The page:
[Datetime-SIG] PEP-0500 (Alternative datetime arithmetic) Was: PEP 495 ... is ready ...

ISAAC J SCHWABACHER ischwabacher at wisc.edu
Thu Aug 20 22:38:53 CEST 2015

The problem with abbreviations like "CET" isn't that they don't represent time zones; the problem is that they're not unique.  CST is probably Central Standard Time... unless it's China Standard Time or Cuba Standard Time.  There are plenty of other examples.  We can't stop people from using these, and we shouldn't refuse to support them out of spite, but if we present to users one obvious way to do it that forces us to guess in the face of this ambiguity, I'd argue that that's bad design.


Top-posted from Microsoft Outlook Web App; may its designers be consigned for eternity to that circle of hell in which their dog food is consumed.

From: Datetime-SIG <datetime-sig-bounces+ischwabacher=wisc.edu at python.org> on behalf of Alexander Belopolsky <alexander.belopolsky at gmail.com>
Sent: Thursday, August 20, 2015 09:53
To: Łukasz Rekucki
Cc: datetime-sig
Subject: Re: [Datetime-SIG] PEP-0500 (Alternative datetime arithmetic) Was: PEP 495 ... is ready ...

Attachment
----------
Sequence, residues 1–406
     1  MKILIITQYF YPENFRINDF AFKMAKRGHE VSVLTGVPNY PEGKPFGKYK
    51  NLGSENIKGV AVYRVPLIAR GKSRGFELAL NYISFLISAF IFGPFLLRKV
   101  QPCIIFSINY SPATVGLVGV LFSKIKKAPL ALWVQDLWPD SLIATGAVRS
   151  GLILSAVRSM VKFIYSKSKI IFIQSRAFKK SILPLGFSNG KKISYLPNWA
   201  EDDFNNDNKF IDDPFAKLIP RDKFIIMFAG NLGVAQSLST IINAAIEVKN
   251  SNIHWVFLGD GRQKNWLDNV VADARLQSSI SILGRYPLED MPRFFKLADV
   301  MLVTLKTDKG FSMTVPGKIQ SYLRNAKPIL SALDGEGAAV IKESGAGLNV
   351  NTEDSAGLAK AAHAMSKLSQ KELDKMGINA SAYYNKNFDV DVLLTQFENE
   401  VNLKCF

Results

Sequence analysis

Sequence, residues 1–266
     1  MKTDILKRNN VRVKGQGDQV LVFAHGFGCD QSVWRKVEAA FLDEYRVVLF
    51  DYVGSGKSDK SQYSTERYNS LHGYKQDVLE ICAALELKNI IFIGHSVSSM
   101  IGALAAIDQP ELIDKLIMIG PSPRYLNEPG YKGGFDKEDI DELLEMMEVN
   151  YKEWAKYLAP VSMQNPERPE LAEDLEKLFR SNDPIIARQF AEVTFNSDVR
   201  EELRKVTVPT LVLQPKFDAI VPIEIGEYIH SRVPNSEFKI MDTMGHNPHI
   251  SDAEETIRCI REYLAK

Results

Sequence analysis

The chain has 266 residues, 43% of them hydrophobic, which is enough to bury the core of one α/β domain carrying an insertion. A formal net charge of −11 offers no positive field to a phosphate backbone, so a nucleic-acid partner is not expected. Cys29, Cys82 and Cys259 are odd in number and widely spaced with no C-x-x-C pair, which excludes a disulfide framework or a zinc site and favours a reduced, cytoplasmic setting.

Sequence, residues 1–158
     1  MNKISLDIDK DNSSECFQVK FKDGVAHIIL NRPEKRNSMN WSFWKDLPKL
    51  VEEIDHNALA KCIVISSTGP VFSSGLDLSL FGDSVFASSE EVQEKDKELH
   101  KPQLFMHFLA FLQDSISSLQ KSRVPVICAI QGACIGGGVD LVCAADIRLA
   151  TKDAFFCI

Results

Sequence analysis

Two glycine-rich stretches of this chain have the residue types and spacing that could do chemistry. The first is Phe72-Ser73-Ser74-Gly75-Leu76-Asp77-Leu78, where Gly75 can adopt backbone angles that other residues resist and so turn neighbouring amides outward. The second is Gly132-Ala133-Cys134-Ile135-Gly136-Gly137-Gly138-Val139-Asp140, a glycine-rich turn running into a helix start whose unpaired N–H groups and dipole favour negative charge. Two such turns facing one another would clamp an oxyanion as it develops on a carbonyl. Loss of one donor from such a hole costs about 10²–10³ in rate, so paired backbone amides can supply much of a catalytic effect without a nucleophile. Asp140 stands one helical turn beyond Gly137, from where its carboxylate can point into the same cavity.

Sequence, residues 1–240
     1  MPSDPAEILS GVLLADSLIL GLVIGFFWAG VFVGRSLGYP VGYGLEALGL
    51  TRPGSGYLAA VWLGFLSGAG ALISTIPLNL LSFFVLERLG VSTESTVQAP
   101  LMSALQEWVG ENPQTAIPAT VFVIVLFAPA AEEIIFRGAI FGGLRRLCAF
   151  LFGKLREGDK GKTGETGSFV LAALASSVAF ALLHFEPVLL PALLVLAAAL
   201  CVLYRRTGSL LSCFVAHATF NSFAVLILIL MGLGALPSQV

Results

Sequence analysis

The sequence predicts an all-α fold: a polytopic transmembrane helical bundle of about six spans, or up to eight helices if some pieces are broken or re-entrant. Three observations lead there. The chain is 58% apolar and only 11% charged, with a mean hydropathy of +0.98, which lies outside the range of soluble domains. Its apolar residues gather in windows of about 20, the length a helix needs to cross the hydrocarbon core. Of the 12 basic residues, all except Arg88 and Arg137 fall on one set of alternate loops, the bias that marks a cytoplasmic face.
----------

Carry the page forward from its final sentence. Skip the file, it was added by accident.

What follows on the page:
On Thu, Aug 20, 2015 at 1:33 AM, Łukasz Rekucki <lrekucki at gmail.com<mailto:lrekucki at gmail.com>> wrote:
> You have read this totally backwards. The quote says that the time zone can NOT be seen as a simple UTC offset +/-DST (which is a common misconception that can be seen on many "timezone" maps). As an example CET is given - it's not a timezone as it consist of "Europe/Warsaw", "Europe/Berlin", etc.

By your logic, UTC is not a time zone either because it "counsists of" Europe/London, Africa/Casablanca etc.   This is a very unorthodox point of view.

> From datetime implementation perspective Tim's definition is the best, but from perspective of a implementing a timezone database a thing like CET or -0500 is just ambiguous because it means one of many actuall timezones.

Whatever your definition of "actual timezone" is, if you want to use Python effectively you need to understand the terms as they are used in the library manual.  And there we have, for example: "%Z - Time zone name (empty string if the object is naive) - (empty), UTC, EST, CST", [1] "%Z - Time zone name (no characters if no time zone exists), " [2] "tm_zone - abbreviation of timezone name," [3]  "time.tzname - A tuple of two strings: the first is the name of the local non-DST timezone, the second is the name of the local DST timezone." [4] and so on.

You can insist that CET is not a timezone as much as that 0 is not a number, but as far as Python timekeeping goes, timezone is whatever Tim says it is.  (Those who disagree can think of Python timezones as TIMezones. :-)

[1]: https://docs.python.org/3/library/datetime.html#strftime-strptime-behavior
[2]: https://docs.python.org/3/library/time.html#time.strftime
[3]: https://docs.python.org/3/library/time.html#time.struct_time
[4]: https://docs.python.org/3/library/time.html#time.tzname
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